Can cinnamon prevent diabetes? Just maybe.
If salt and pepper are all you are using to put some zip in your food, you are not only missing
If salt and pepper are all you are using to put some zip in your food, you are not only missing out on adding flavor to your meals, but maybe opportunities for a healthier, longer life. While spices may have begun as a way to enhance the taste of otherwise bland meats and vegetables (boiled mutton only went so far, we’re guessing), the ancients in China and the Far East used many of the spices medicinally for centuries. And it seems they were on to something.
“There have been many recent studies validating the historic habit of using spices for health benefits,” Donna Tainter, author of Spices and Seasonings: A Food Technology Handbook, told the website SixWise.com. Modern science has indeed shown that many of the spices in your kitchen are beneficial to your health and potent disease fighters. A study released this past summer in BMJ, which studied almost 500,000 people in China over a four-year period, concluded that people who spiced up their food reduced their risk of premature death by 14% versus those who ate non-spicy food.
Here are nine ingredients in your kitchen cabinet that can improve your health.
Oregano is good for a lot more than sprinkling on your slice of pizza. Rich in phytonutrients, it packs more antioxidant power per gram than oranges, apples or blueberries. Oregano also contains two compounds, thymol and carvacrol, that have strong antibacterial activity. A study in Mexico found oregano to be more effective against an intestinal parasite than the commonly prescribed drug tinidazol. Other studies have shown oregano to have effective anti-inflammatory properties, and ointments made from oregano decrease bacterial infection and help post-surgical wounds heal faster.
2. Red hot chili peppers (including cayenne pepper).
Hot peppers contain the ingredient capsaicin, a powerful anti-inflammatory that helps reduce pain. The hotter the pepper, the more the capsaicin. In addition to pain relief, hot peppers have been shown to help clear nose and lungs of excess mucus, making them an effective treatment for colds and other respiratory illnesses. Interestingly, while consuming hot peppers might be thought to worsen the condition of anyone suffering from stomach ulcers, the opposite is true. Because of their anti-bacterial properties and mucus thinning abilities, hot peppers actually help heal gastric ulcers (which are actually caused by a bacteria the peppers help eradicate). For anyone looking to lose a little weight, a research study at Purdue University found that when capsaicin reaches the gut level, it curbs the appetite and increases the core temperature, resulting in calories being burned faster.
Not only is cinnamon a powerful antioxidant, its anti-microbial activity can also stop the proliferation of bacteria, fungi and yeast. This tasty spice can prevent blood clots and maybe even cardiovascular disease. A 2003 study showed that one to six grams of cinnamon a day can help control blood sugar in type 2 diabetes sufferers, while also lowering LDL (bad) cholesterol and overall cholesterol levels. A 2004 study indicated that cinnamon might also prevent insulin resistance, even in a high-fructose diet.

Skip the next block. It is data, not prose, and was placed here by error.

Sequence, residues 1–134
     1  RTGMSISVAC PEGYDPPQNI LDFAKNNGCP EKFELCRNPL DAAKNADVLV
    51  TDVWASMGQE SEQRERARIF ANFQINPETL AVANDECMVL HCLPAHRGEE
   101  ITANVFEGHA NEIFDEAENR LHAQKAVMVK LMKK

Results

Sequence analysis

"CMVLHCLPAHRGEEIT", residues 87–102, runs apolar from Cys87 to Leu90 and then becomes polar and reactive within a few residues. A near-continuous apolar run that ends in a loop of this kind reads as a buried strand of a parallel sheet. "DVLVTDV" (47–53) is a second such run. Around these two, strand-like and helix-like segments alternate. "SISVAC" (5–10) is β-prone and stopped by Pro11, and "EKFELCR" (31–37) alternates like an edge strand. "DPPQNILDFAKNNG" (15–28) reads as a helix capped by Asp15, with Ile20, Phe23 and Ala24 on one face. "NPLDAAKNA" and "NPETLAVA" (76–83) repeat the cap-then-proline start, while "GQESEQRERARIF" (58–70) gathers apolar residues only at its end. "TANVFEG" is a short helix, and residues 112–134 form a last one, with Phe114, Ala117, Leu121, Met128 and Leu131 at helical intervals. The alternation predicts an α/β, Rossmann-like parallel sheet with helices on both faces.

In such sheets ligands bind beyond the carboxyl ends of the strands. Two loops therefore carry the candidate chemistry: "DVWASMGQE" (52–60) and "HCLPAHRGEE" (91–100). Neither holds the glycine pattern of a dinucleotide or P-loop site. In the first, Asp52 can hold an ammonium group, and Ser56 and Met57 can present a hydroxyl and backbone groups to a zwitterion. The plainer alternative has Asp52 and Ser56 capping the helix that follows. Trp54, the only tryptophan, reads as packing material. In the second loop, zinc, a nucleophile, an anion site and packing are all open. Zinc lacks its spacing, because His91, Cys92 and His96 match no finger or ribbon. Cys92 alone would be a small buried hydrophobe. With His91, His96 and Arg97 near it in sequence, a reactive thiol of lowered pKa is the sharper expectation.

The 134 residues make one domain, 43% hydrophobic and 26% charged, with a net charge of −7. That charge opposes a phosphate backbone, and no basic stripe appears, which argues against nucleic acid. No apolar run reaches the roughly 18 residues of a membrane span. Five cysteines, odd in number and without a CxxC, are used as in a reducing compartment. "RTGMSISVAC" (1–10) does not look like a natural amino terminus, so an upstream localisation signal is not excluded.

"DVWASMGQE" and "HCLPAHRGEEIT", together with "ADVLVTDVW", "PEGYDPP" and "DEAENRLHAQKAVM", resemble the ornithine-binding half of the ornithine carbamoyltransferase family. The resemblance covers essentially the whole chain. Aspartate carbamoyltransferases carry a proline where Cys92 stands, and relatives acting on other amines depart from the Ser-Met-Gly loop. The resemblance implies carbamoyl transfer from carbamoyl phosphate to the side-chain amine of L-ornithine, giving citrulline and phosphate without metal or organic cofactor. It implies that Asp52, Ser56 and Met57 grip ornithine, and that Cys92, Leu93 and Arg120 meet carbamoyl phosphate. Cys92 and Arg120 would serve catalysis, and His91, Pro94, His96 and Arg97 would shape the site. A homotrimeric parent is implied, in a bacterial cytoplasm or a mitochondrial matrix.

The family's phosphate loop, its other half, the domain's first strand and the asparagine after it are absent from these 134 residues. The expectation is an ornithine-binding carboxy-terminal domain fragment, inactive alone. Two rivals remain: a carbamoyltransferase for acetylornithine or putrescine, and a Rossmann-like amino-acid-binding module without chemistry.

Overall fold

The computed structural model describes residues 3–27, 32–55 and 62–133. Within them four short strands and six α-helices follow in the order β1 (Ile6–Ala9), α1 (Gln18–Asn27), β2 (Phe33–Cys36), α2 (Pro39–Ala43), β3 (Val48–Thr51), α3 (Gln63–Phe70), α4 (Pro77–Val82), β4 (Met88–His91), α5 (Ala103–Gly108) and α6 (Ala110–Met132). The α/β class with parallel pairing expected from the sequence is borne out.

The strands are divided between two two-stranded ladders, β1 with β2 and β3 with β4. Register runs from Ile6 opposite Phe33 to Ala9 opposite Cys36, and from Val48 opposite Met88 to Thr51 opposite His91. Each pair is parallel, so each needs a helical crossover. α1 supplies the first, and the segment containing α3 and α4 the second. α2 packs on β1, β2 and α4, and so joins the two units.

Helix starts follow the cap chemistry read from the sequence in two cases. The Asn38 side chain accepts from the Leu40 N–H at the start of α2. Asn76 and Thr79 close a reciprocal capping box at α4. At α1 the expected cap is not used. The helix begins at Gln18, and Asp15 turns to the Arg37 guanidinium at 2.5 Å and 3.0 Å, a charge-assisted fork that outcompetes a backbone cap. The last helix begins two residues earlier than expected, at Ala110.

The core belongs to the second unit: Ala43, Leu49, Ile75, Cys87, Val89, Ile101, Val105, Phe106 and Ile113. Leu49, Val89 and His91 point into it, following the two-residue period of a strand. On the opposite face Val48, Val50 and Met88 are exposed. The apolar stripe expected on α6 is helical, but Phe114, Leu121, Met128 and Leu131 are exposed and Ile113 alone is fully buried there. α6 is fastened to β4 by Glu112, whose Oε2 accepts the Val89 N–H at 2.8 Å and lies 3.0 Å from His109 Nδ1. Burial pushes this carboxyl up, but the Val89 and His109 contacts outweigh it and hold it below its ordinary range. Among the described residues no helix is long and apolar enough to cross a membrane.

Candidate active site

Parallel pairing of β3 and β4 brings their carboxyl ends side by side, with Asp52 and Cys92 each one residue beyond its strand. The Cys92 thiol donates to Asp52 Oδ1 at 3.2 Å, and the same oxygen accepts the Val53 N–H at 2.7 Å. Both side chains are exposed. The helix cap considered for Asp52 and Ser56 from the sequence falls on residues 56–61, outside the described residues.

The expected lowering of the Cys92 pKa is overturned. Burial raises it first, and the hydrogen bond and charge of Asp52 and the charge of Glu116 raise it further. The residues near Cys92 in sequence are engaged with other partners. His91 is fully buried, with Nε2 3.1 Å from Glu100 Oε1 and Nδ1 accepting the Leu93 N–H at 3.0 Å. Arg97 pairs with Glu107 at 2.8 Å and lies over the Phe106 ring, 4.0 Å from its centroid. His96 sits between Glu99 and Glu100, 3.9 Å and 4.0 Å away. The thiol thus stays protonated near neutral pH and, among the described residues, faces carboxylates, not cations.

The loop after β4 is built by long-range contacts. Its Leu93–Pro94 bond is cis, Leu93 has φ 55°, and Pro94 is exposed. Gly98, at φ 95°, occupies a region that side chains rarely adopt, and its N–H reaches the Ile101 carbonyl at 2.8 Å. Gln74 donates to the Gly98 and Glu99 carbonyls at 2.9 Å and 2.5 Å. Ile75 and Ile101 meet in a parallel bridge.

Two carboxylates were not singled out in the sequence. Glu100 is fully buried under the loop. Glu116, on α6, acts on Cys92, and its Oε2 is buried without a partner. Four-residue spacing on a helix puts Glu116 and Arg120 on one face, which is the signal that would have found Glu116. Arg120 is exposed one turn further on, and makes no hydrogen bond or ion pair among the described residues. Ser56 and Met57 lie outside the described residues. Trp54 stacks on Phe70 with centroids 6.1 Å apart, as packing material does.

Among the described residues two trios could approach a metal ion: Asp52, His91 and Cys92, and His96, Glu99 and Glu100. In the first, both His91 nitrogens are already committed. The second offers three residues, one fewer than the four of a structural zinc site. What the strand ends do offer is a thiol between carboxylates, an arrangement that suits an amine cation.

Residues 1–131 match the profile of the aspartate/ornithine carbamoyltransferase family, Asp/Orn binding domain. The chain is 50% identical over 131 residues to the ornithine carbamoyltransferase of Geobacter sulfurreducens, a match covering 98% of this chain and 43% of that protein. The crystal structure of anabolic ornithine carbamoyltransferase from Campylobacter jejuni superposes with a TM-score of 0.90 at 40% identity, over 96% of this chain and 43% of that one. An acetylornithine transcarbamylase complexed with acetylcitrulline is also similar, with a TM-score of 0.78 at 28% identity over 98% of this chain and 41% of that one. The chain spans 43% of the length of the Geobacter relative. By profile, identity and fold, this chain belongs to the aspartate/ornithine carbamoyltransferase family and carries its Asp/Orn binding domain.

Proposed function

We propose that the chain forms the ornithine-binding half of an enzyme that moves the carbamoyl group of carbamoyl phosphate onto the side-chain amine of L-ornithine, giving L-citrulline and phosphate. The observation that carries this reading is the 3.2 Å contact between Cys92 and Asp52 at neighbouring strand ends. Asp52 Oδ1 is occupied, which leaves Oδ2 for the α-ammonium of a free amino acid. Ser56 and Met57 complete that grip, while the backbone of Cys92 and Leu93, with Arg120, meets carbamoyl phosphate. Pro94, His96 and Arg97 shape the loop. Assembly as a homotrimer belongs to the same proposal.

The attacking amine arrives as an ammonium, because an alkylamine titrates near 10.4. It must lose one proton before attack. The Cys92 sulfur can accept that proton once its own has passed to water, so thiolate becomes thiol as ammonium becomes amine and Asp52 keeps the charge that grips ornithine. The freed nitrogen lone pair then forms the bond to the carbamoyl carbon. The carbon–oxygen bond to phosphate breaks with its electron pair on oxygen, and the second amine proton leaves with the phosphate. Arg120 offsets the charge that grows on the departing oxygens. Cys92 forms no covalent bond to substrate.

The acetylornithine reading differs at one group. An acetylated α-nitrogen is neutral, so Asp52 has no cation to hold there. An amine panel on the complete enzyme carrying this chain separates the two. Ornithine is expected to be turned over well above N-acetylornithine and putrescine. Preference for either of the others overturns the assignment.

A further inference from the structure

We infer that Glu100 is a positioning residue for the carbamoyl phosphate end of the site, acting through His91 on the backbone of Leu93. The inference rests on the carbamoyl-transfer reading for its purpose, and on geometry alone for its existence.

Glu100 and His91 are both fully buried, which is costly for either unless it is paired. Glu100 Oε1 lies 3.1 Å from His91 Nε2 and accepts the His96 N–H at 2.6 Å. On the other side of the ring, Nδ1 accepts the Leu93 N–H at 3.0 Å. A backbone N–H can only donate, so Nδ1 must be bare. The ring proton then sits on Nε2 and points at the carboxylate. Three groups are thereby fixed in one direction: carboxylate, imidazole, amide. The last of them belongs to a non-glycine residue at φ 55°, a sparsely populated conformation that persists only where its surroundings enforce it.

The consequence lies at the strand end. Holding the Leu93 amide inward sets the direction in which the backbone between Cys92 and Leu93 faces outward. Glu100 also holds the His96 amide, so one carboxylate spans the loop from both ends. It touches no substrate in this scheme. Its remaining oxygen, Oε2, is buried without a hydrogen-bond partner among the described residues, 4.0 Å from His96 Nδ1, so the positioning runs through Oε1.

The next time you’re feeling nauseated, you might want to reach for some ginger. Its active compound, gingerol, in addition to relieving motion sickness, morning sickness from pregnancy and nausea, also relaxes blood vessels, stimulates blood flow and relieves pain. In use for over 2000 years as a medicinal, ginger is a potent anti-inflammatory and high in antioxidant activity.
If there is a “super” spice in this group, turmeric might take the title. The active ingredient in the spice, curcumin, which gives it its bright yellow color, has been found to be as effective an anti-inflammatory as drugs like hydrocortisone or Motrin. Turmeric can be helpful in battling Crohn’s disease, ulcerative colitis, rheumatoid arthritis, and maybe even cancer, heart disease and Alzheimer’s disease.
Sage is not just for turkey stuffing anymore. It is a potent antioxidant and anti-inflammatory, and may be effective in battling rheumatoid arthritis, bronchial asthma and other inflammatory diseases. Further, in a 2003 study, subjects given sage oil had improved memory versus placebo subjects.
Another powerful antioxidant, parsley also appears to have anti-cancer properties, due to a compound in it called myristicin. In animal studies, parsley has been shown to inhibit the formation of cancerous tumors, particularly lung tumors. It also appears to be effective in neutralizing the effects of cigarette smoke and smoke from charcoal grills. Throw in vital nutrients like vitamin C, vitamin A and folic acid, and it is clear that parsley is useful for much more than plate decoration. And if that’s not enough, the chlorophyll in parsley will deodorize bad breath.
People with type 2 diabetes might consider adding coriander to their spice rack. A study in 2011 showed that the spice may help regulate blood sugar and cholesterol. Coriander has additionally been shown to have anti-anxiety properties, making it an excellent sleep aid for anxiety sufferers.
What a fortunate coincidence that one of most loved spices also happens to be one of our healthiest. Perhaps the most popular medicinal spice in the world, garlic and its main active ingredient, allicin, has been shown to be an effective combatant against heart disease, high cholesterol and high blood pressure. Not only that, its antimicrobial properties make it nature’s antibiotic. To top it all off, garlic may be effective in warding off dementia and Alzheimer’s disease.